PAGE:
Патент USA US2288953код для вставки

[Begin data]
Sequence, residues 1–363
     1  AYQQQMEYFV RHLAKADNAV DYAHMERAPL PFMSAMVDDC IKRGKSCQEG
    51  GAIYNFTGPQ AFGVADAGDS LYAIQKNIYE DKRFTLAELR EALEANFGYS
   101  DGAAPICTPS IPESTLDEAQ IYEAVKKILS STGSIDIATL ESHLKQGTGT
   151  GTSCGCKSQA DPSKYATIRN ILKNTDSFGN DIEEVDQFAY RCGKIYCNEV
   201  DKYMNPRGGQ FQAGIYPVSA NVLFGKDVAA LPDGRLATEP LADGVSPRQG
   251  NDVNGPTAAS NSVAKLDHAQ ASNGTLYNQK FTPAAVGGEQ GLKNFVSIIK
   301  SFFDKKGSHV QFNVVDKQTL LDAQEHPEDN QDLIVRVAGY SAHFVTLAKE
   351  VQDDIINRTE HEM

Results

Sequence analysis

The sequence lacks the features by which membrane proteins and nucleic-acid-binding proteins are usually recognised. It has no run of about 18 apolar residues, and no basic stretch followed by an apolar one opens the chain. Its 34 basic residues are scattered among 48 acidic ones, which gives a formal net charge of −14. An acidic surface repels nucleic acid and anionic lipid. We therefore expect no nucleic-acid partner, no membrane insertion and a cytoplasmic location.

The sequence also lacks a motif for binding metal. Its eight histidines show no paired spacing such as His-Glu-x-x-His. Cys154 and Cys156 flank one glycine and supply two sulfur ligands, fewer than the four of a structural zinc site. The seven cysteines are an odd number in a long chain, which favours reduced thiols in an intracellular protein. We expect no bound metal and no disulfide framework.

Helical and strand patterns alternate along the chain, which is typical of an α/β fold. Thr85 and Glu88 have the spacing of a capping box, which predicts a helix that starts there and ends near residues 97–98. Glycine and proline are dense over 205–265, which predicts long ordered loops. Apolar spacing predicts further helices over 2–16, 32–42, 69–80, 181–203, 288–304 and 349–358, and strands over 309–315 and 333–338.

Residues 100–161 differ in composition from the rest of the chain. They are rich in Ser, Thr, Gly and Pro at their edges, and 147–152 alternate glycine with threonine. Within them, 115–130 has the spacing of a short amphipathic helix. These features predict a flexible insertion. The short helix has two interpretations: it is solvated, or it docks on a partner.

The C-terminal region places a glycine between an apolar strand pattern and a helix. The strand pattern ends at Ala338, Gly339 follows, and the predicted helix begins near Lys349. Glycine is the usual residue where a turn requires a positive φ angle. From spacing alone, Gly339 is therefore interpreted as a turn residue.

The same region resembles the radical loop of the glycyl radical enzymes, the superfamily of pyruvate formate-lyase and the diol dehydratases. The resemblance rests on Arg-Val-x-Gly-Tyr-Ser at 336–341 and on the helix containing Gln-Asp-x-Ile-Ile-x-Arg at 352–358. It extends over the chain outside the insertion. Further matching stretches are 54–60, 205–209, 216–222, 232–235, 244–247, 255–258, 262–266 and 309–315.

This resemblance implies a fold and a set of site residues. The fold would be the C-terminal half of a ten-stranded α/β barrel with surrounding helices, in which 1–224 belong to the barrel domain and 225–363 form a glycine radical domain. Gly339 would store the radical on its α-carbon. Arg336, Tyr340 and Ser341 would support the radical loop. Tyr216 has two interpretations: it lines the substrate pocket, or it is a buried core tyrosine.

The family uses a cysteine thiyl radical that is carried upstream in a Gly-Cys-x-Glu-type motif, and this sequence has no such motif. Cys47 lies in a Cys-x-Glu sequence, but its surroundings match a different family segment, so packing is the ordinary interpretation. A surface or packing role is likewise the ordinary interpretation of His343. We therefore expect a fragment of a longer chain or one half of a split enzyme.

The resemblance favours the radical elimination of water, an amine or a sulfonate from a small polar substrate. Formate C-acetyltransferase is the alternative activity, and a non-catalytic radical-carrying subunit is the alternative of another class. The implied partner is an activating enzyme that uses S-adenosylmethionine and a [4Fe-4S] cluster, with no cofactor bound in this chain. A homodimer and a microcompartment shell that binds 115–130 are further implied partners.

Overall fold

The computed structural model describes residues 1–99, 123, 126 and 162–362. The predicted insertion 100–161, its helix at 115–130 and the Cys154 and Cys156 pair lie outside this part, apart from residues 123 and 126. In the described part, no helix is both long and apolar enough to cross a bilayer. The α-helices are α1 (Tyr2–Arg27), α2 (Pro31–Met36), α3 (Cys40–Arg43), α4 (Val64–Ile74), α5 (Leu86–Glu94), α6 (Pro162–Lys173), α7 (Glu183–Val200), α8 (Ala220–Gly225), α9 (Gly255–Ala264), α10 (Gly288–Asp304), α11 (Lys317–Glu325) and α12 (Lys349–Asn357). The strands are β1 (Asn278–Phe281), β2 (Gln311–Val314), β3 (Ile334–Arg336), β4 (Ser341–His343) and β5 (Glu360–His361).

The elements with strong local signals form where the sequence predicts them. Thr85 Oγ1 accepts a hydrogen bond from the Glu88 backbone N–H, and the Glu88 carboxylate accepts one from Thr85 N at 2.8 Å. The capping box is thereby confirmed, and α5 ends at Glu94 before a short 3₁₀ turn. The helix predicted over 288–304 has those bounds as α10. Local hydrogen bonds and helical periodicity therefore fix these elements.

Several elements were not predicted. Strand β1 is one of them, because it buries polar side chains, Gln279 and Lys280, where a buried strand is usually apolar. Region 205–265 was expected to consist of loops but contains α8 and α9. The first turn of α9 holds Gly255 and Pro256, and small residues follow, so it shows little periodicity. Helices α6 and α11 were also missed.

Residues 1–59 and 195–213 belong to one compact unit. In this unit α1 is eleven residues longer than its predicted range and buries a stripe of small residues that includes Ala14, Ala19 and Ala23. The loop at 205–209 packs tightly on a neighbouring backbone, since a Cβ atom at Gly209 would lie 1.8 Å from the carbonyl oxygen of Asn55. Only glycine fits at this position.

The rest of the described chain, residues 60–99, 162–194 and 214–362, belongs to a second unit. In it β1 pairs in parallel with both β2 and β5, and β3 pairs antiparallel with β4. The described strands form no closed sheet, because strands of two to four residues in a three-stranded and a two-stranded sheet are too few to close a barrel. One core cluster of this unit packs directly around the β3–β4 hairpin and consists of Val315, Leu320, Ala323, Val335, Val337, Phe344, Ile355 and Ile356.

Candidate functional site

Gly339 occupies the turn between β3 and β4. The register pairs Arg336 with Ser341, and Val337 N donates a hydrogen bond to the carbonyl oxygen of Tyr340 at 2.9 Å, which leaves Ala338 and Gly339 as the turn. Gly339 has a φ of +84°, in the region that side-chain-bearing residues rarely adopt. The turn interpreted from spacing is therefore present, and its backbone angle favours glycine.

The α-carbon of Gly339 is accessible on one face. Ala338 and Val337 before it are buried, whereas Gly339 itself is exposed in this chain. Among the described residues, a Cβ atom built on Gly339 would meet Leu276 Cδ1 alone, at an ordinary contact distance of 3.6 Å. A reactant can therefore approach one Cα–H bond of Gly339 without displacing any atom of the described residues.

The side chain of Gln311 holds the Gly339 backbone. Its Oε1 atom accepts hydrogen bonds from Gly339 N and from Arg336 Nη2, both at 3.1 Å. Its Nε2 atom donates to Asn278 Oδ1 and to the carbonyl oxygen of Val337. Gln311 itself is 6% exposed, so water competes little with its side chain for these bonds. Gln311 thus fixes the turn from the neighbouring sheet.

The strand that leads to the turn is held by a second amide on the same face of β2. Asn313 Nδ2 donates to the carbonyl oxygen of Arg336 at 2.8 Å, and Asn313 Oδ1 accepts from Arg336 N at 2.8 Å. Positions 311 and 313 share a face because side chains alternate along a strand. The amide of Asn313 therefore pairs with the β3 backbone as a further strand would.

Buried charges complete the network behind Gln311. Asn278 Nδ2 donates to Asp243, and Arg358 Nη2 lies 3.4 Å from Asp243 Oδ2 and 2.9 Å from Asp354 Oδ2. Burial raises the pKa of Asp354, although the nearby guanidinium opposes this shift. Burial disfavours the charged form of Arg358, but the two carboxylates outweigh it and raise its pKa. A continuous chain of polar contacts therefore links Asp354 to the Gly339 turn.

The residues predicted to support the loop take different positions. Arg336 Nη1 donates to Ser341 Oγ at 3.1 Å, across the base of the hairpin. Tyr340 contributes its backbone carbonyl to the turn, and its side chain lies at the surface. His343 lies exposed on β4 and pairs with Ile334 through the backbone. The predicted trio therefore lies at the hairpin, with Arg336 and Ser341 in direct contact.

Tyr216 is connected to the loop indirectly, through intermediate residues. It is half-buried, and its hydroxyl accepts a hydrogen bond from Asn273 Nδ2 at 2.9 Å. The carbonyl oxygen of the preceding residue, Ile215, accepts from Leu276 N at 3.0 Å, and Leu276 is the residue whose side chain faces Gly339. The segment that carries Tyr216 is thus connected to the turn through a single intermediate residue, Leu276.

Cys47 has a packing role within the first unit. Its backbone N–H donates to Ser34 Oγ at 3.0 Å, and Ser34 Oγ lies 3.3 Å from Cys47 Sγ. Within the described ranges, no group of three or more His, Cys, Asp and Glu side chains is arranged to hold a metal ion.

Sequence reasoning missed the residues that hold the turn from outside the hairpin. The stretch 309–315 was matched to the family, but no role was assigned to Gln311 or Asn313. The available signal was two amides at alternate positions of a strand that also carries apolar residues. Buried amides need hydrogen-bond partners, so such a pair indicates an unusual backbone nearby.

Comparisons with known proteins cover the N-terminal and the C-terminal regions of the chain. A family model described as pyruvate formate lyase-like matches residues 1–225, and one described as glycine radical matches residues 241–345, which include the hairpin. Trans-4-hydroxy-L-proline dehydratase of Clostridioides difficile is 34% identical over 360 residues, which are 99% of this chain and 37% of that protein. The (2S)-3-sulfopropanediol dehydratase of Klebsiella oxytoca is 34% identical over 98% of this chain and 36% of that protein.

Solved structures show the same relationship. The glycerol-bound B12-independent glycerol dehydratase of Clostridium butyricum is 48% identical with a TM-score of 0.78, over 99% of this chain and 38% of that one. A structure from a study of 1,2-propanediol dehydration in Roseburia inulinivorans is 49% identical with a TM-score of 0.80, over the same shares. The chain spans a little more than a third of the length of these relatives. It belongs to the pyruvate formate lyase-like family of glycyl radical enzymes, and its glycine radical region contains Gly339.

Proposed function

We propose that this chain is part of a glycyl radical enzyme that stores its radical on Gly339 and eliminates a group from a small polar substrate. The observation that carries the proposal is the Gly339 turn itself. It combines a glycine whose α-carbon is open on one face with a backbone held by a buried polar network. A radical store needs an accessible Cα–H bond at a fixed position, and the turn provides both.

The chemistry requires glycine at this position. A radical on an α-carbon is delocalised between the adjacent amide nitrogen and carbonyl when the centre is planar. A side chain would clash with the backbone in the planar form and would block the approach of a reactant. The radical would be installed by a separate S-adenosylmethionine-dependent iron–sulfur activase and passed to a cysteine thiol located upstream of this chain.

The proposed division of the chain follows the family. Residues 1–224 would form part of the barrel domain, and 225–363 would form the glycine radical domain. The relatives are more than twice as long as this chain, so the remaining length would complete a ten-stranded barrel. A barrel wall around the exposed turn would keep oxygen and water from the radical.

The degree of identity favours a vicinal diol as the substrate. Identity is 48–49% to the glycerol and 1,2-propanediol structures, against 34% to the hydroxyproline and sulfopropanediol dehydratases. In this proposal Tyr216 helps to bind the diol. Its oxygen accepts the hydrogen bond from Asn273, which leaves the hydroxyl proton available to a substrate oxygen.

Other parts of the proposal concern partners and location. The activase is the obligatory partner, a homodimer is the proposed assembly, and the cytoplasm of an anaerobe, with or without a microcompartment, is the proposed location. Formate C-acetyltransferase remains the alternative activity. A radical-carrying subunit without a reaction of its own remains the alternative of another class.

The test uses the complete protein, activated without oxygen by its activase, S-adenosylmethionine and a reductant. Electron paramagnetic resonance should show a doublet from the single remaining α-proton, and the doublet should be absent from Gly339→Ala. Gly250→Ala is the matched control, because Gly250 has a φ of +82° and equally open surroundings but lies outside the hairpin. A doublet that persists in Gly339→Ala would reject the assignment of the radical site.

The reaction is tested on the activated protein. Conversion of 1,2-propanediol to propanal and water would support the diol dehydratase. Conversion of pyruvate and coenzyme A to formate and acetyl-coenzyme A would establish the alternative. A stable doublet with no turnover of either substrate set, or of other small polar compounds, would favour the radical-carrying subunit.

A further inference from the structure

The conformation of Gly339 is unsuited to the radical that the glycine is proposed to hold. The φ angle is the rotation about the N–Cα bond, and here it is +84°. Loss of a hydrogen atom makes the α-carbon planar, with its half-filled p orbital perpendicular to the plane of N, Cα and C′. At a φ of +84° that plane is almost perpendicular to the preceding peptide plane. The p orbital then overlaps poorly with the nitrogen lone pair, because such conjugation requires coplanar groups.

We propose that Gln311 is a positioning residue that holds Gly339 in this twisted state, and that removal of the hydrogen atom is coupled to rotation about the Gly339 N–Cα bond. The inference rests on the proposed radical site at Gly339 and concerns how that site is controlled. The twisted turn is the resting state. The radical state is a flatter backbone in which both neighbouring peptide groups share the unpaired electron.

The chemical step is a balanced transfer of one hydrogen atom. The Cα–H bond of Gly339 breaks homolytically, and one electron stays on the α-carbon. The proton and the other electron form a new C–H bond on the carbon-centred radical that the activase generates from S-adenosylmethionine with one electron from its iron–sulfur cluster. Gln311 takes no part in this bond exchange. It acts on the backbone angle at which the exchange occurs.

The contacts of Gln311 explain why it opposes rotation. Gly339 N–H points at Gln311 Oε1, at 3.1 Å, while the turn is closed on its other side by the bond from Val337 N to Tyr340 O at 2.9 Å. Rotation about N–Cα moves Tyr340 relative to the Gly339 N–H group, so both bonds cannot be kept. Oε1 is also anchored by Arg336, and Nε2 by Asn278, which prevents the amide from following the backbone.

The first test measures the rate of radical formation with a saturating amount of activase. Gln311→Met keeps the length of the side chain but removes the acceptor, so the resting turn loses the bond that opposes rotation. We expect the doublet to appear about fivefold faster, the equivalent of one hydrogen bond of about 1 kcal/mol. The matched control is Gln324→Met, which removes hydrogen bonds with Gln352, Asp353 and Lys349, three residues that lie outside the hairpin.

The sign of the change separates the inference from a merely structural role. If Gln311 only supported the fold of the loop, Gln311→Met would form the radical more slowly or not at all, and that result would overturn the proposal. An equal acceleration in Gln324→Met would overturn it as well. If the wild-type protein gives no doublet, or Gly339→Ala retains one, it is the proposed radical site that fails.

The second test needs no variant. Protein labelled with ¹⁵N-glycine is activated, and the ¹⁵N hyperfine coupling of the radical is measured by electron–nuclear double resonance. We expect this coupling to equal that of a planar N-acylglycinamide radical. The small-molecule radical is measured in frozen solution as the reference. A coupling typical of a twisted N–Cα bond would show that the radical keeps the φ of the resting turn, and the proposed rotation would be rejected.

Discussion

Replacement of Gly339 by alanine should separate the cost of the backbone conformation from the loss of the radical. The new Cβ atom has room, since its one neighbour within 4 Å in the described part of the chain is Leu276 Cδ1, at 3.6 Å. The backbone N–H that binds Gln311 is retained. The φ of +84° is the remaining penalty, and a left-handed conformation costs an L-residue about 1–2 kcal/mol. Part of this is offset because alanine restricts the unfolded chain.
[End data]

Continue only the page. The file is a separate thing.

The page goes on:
July 7’1942- " > s; A. MATTHEWS ‘ ELECTRICAL DISTRIBUTION SYSTEM ‘ "Filed vAug. :s, 7 Fig. I. 775mb? Dewi'e N“- _ ‘ 2,288,953 ‘ I Patented July 7, 1942 2,288,953 UNITED " STATES PATENT OFFICE 2,288,953 ELECTRICAL DISTRIBUTION SYSTEM George A. Matthews, Detroit, Mich., assignor to The Detroit Edison Company, Detroit, Mich, a corporation of New York Application August 3, 1940, Serial No. 351,015 11 Claims. (Cl. 175-294) This invention relates to electrical distribu devices for maintaining optimum operating con tors against damage from power arcs and, for transient faults, normal service was restored to the entire system upon the first reclosure of ditions on overhead feeder circuits. the circuit breaker. ' tion‘ systems and particularly to methods of and The present practice of automatically opening a feeder circuit upon the ‘occurrence of a fault results in‘an appreciable interruption of service, usually for an interval of about 15 seconds, even in the case of purely transient faults. The re cent proposals for an “ultra high speed” opera An object of the present invention is to pro-' vide protective methods and protective equip ment for limiting the service interruption from transient faults to intervals substantially short er than has been possible in the past, for ex 10 ample to intervals of the order of 6 cycles in the tion on the first reclosure of circuit ‘breakers case of a 60 cycle power line; Objects are to will, if generally adopted, reduce the length of these momentary interruptions but any prac tical mechanical structures for opening and re closing a feeder circuit will necessarily remove the voltage from the .line for an interval sub provide methods of and devices for protecting electrical distribution. systems from faults by shortlcircuiting the line toreduce the voltage at the fault point to zero for a preselected interval According to the present invention, the ma that is sufficient forthe removal of the great majority of all faults, and ‘then removing the applied short-circuit to permit the operation of the circuit breakers or other protective equip Jority of all faults that may occur on an over ' head feeder circuit are removed, without open ject is to provide an electrical distribution system stantially longer than that required for the de ionization of the original fault path. 7 ing the feeder circuit, by connecting a shorting circuit across the line to collapse the voltage at vthe fault point-to zero, ‘the shorting circuit in cluding a switch or fuse that opens the shorting circuit to restore the voltage on the line in about 6 cycles, on a 60 cycles per second basis. The ment in the case of a permanent fault. An ob having relatively slow-acting devices for repeated ly opening and closing the circuit in the case of a permanent fault, and a line shorting circuit in cluding in series a normally open switch and a normally closed switch that operate rapidly and I in sequence, upon the occurrence of a fault, to shorting circuit is completed substantially simul complete the shorting circuit ‘to collapse the taneously with theoccurrence of the fault, for line voltage to zero vand then to open the shorting example in from 1/2 cycle to 2 cycles, and the 30 circuit for a period sufficient for actuation of feeder circuit is therefore protected against dam . the slow-acting devices in the case of a perma age from power arcs that follow a transient fault. nent fault. An object is to provide a distribu The shorting circuits may supplement the usual tion system including circuit breakers and fuses, ' protective equipment, such as reclosing circuit or repeating fuses, for the- protection of the breakers or fuses, that introduce a number of 35 system in the case of permanent faults, and ad . time-delayed reclosures before de?nitely opening ditional protective equipment comprising nor the feeder circuit or the faulty section of the mally open circuits between feeder wires; the feeder circuit in the case of a permanent fault. normally open circuits including a line short Methods of and apparatus for protecting feed ing switch that is closed automatically by ab er circuits from burn off by ‘power arcs result 40 normal current flow in the system, and a fuse ing from transient faults are described and or interrupting switch that opens and locks out claimed in my copending application “Methods for a preselectedv interval upon a closure of the of and apparatus for protecting power lines,” shorting switch. A further object is‘ to provide Ber. No. 333,875; filed May 7, 1940. The protec tive equipment of that application included a 45 an electrical distribution system of the type stated in which the fuse or interrupting switch ' normally open-'“line shorting contactor’f con is designed or adjusted to open the shorting cir- ' nected across the line. an operating coil in series cuit in about 11; second, whereby the service in with the line for closing the contactor in about % cycle, a spring for opening the shorting con terruption in the case of transient faults is re tactor upon removal of the line‘ voltage by a cir 50 stricted to a negligible ?icker of the lights on the - cuit breaker. and mechanism for locking the shorting contactor in open position for a period somewhat longer than'the operating time, to a lock out, of a reclosing ‘circuit breaker. The These and other objects and advantages of ‘the invention will be apparent from the follow line shorting contactors protected the conduc- 55 panying drawing in which: feeder circuits. - ing speci?cation when taken with the accom . ' I 2,288,953 2 . ‘ closing timing mechanism and the auxiliary con Figs. 1 and-2 are schematic diagrams of di?er ent embodiments of the invention. Y trol switch omitted. The operating coil ll of the interrupter switch is designed to open the switch in about 116 second, as experience has shown that this short interval is su?lcient for the de-ioniza tion of the fault path in substantially all cases . The invention is particularly suited to stations where the character of the load does not warrant the expense of elaborate switch gear, but may be used to' advantage with any known types of of transient faults. , reclosing protective equipment as the novel ap~ The operation of the protective‘ system in-the paratus operates at high speed to clear tran event of a fault I on one‘of the feeder circuits sient faults before the conventional protective equipment can open the line, and the novel ap 10 is as follows. Heavy current ?ow due to the fault results in a closure of the contacts of two paratus is then locked out for a predetermined of the line shorting contactors SC in about 1/2 interval which permits the normal functioning of cycle, and the-voltage at the fault is thus col the conventional equipment in’ the case of a lapsed to zero substantially instantaneously, permanent fault. ' thereby preventing the blowing of the fuses 5 of The network shown in Fig. l is typical of the branch circuit and the fuses ll of the main feeder circuit. The metallic short circuit is re stations where a large number of circuits i radi ate from the bus 2 to supply the branch feeder circuits 3. Where’ the load does not justify the expense'of reclosing circuit breakers, the pro~ tective equipment is usually limited to repeating the station bus 2 and the low voltage sides of the , moved in about 6 cycles by the opening of in terrupter swtich SI, and- the voltage is thus re stored to the bus system and the branch feeder circuit 3. If the fault was of a. transient nature, the opening of the shorting circuit by switch SI restores normal operating voltages on the en tire station network, and the shorting contactors transformers ‘I that are fed from the high voltage line 8. Fuses 8 are usually placed between the transformers and the line 8 to isolate the station SC open at once as the current flow through the operating coils I0 is again at a normal load value. ~ The interrupter switch or switches of the short ' fuses‘l on the main circuits l and “single shot” fuses 5 on the branch feeder circuits. Voltage regulating equipment 6 may be provided between ing line are locked against reclosure, by the escapement devices l8, and the line shorting ‘cir ‘A typical station, including the elements so far described. will'usually be of suchrelatively low 30 cuit therefore remains open for a predetermined ‘period whether the fault was transient or per capacity that the transformers may be directly manent. In the case of a permanent fault, the short circuited, by the high speed apparatus of in the event of a fault in the station equipment. ‘ this invention, withoutimposing Objectionable ~ shorting contactors SC will be held in closed po ' sition by heavy current'fiow to the fault point, shocks upon the station equipment. The short circuiting system includes a normally open “line 35 and vthe faulty feeder 3 will be isolated by the blowing of the fuses 5. The clearing of the fault shorting contactor” SC for each conductor of the in this manner reduces the current flow through station bus 2 and normally closed f‘bus short in operating coils ID to normal values, the shorting terrupter" switches SI; When the neutral point contactors .open at once, and the interrupter of the three phase distribution system is' not grounded, only two bus short interrupter 40 switch S1 recloses after the time delay period, thus restoring the protectiye equipment to nor switches are required. ' mal condition for another cycle of operations. 'The operating windings In, of the shorting con The embodiment of the invention that is ' tactors SC are in series in the supply lines H from the transformers 'l to the bus system 2, and the winding may take the form of a few turns of heavy copper wire. The movable member of shown diagrammatically in Fig. 2 is generally ' similar to the Fig. 1 system in that shorting con the normally open contacts l2 of each shorting contactor SC is connected to its associated lead H by a ?exible jumper l3. The stationry‘con tact members of two of the shorting contactorsv SC are connected to the operating coils H of the interrupter switches SI, and the stationary contact member of the third shorting contactor ' SC is connected directly by lead I5 to the jumper l6 that joins the stationary contacts of the in-' terrupter‘switchSI. The operating coil I‘ of each of-‘the switches SI is connected to the mov able contact of that switch by a ?exible jumper; tactors SC are provided for eachconductor H‘ of the distribution system, the line shorting cir cuits are automatically opened after a preselect ed short interval. and the shorting circuits are then held‘ open for a period sufficient to isolate a branchon which there is a permanent fault. Each interrupting device is a repeating fuse as: sembly RF comprising a series of fuses 20 that each have a terminal ‘connected through the. ‘jumper 13’ to the movable member of the con tacts 12 of the associated shorting contactor, and a terminal connected-to a contact point of a selector switch, the contact arm 2| of the switch being connected to conductor H, at the load side I1, and the moving system of‘each interrupter switch SI is connected. to a timing escapement 60 of the shorting contactor, by a‘ lead 22. The moving contact of one shorting contactor is con mechanism ll of any desired type that locks the nected ‘directly to itsv operating winding by a interrupter switch against reclosure for a prede jumper l3 and the stationary contacts of all termined period,‘ for example three minutes, shorting contactors SC are connected by‘ a lead when the moving system is displaced to open the‘ switch by current flow in ‘coil H. I The line shorting contactors SC are prefer ably of the general form shown in Fig. 4 of my,‘ copending application, but with the time delay’ mechanism omitted, and operate at high speed ' It’. With these connections, the energization of any two shorting contactors by a fault current will complete a shorting circuit between the ‘line conductors affected by the fault. The contact arm 2| of a fuse selector switch to close in about 1/3 cycle upon abnormal current ' is advanced automatically by the return move~ flow through the coil It. The interrupter switches SI are preferably ‘similar in structure‘ to the oil reclosing circuit breaker shown in Fig. a of my .cogsnding application but with the re 75 circuit therefore does not take place so long as ment of the core ID’ of the associated shorting contactor SC, and the advance of the selector switch‘ to connect a new fuse into the shorting‘ 2,288,953 there is an abnormal current ?ow in the oper ating coil ll! of. the shorting contactor. The mechanism for coupling the contact arm of a_ selector switch to the associated core It’ may be of any desired form such as, for example, the illustrated pawl and ratchet wheel mechanism , 23; the ratchet wheel operating the contact arm 2| through a shaft 24, and the pawl being mounted on a lever 25 that extends into the path of the core III’. 10 A fault on a feeder circuit results in abnormal current flow in the operating coils III of two shorting contactors, and the contacts I! of those contactors close in about 1/2 cycle to complete a 3 not restricted to any particular operating time An operating time offrom 6 to 10 cycles is pre ferred, at least on typical distribution circuits with which I am familiar, as. it affords ample time for the de-ionization of the original fault path in the case of transient faults, and is so short that the interruption of service is reduced to a negligible ?icker of the lights in the case of ’ transient faults. I claim: 1. The method of protecting an electrical dis tribution system against faults which comprises short circuiting the system substantially instan taneously to reduce the voltage at the fault point shorting circuit through the associated re 16 to zero within not more than two cycles after peating fuse assemblies RF. The fuses 20 blow fault inception, removing the short circuit after at the end of an interval of the order of 6 -cy an interval equal to that required for deioniza cles, thus opening the shorting circuit. In the tion of the original fault path, and thereafter case of a transient fault that cleated in the 6 isolating the faulty section of the system in the cycle interval, normal service is restored ‘on the 20 case of a permanent fault. , ‘ entire system by the removal of the short cir 2. The method of reducing the interruption of cuit, and the normalload current through the service by transient faults between conductors operating coils I0 is .not sufficient to hold the of an electrical distribution system which com~ shorting contactors in closed ‘position. The prises short circuiting the conductors in not cores ill’ of the shorting contactors are lifted 25 more than two cycles after fault inception, there by springs, notshown, and operate the pawl and by to reduce the voltage at the fault point to zero, ratchet mechanism 23 to advance the contact removing the short circuit in a time interval of arms 2 I one step to connect another set of fuses the order of 116 second after it is established, 20 into the shorting circuit. If the fault is still whereby transient faults are suppressed without’ on the line when the shorting circuit is opened 30 opening the circuit-of said conductors, and there by the blowing of one set of fuses 20, the fault after opening the circuit of said conductors in the case of a permanent fault. . current flows through the operating windings ID of the shorting contactors and holds the con 3. In an electrical distribution system, the tactors in closed position, thus preventing move combination with apparatus for initially opening ment of cores Hi’. The contact arms 2! of the 35 the system after a short predeterminedv time in-. fuse selector switches do not advance to insert terval in the case of a fault, of means responsive to a fault for quickly imposing a short circuit new fuses 20 in the shorting circuit, and a heavy upon the system, thereby to collapse the voltage current flows through the fault until the branch feeder is isolated by the blowing of its fuses 5. on the system to zero, and voltage-restoring The repeating fuses 4 of the main feeder I may 40 means to remove the short circuit from the sys tem prior to they expiration of said predeter also blow, but serviceis quickly restored upon .mined time interval required for operation of: , all of the network except the isolated branch feeder circuit 3 by the repeating fuse 4. The load current drops to normal values upon the isolation of the defective feeder circuit, and the shorting contactors SC then open and advance the contact arms 2! of the associated repeating said apparatus initially to open said system, whereby said apparatus is inoperative to open fuses RF, thusresetting the high speed protec tive equipment for another cycle of operations. said system in the event of a transient fault that terminates prior to the removal of the short cir cuit by said voltage-restoring means. 4. In an electrical distribution system, the combination with apparatus for opening the sys It is to be noted that the coupling of the se-' lector switch to the moving system of the asso tem after a predetermined time interval in the case of a permanent fault. of means for short cir cuiting the system in not more than 1750 second after fault inception, means for removing the short circuit in an interval of the order of 115 circuits in the case of,a permanent fault. The 55 second after it is established by said ?rst means, and means to prevent a re-establishment of the repeating fuse type of interrupter for the short short circuit for a period after its removal. ing circuits‘ is simpler and less expensive than 5. In an electrical distribution system, the the magnetic switch type of interrupter. combination with apparatus for opening the The high operating speed of the equipment in system after a predetermined time, interval in the line shorting circuits is a characteristic and the case of a permanent fault, of means for important feature of the invention as it reduces short circuiting the system in not more than %,0 the interruption of service to the negligible in second after fault inception, means for remov terval of about 1*; second in the case of transient ing the short circuit in an interval of the order faults but it is to be noted that other and slower acting protective devices‘ are required since all 65 of 116 second after it is established by said first means, and means to prevent a re-establishment faults are not of a transient nature._ Conven of the short circuit until the expiration of said tional protective equipment, such as the illuse predetermined time interval within which said t'rated‘sectionalizing fuses or circuit breakers apparatus will open the system in the case of a must be included in the network, and the ShOl'tél ‘ ing circuits must “look out" for a predetermined 70 ‘ permanent fault. 6. In an electrical distribution system, a cur interval or until the faulty section is isolated. ciated shorting contactor eliminates the timing mechanism that is present in the'Fig. 1 system to prevent repeated rcclosures of the shorting The operating time of the equipment in the.v rent source, a plurality of feeder circuits, con ductors extending from said source to said cir shorting circuits may be increased beyond‘ about cuits, and means responsive to a fault on a feed 6 cycles or reduced below that value, and it is therefore to be understood that the invention is 76 er circuit for completing a shorting “circuit be 4 2,288,958 wherein said circuit interrupters comprise switches having operating windings in serleswith tween said conductors; said means comprising in series between said conductors a normally open switch and a normally closed circuit interrupter, 'means responsive to abnormal current flow in said conductors to close said normally open switch, said circuit interrupter being energized by current ?ow through said shorting circuit to open the same, and means for locking saidcir the normally open shorting contactor switches. 10. An electrical system as claimed in'claim '1, wherein said circuit interrupters comprise re peating fuses and means responsive to an open ing 01‘ the associated shorting contactor switch for connecting a new fuse in circuit through the cuit interrupter in open circuit positionrupon an‘ repeating fuse. energization thereof. 7. [In an electrical distribution system, the combination with conductors feeding a plurality of branch circuits, and relatively slow acting nent fault on that circuit, of normally open 11. In a distribution system, the combination with a‘ three-phase source of current, a load cir cuit, three line conductors connecting said cur rent source to said load circuit, and protective devices responsive to a permanent fault on said load circuit for opening the same, of means to shorting contactor switches having operating protect said load circuit against damage from means for opening a circuit in event of a perma ' windings in series in said conductors, normally transient faults: said means ‘comprising three closed circuit interrupters in series with the con normally open switches having operating wind ings in series in the respective line conductors, a pair of normally closed circuit interrupters, circuit elements connecting said circuit inter tacts‘ of said shorting contactor switches for completing shorting circuits between said con ductors ‘upon closure of said normally open switches, and means responsive to short circuit » current ?ow through said normally open switch es for opening said circuit interrupters prior to the opening oi’ a circuit by said slow acting 25 means. ' 8. An electrical system as claimed in claim 7, wherein said circuit interrupters include means to delay the reclosure of said shorting circuits upon an openinglthereoi by said circuit inter rupters. _9. An electrical system as claimed in claim 7, rupters in a shorting circuit extending between twooi said conductors, said shorting circuit in cluding in series the circuit interrupters and the contacts 0! the normally open switches whose op erating windings are in series with the said two conductors, and circuit elements connecting one contact of the third'normally open switch to the third conductor and the other contact to said 30 shorting circuit at a point between said circuit interrupters, GEORGE A. MATTHEWS.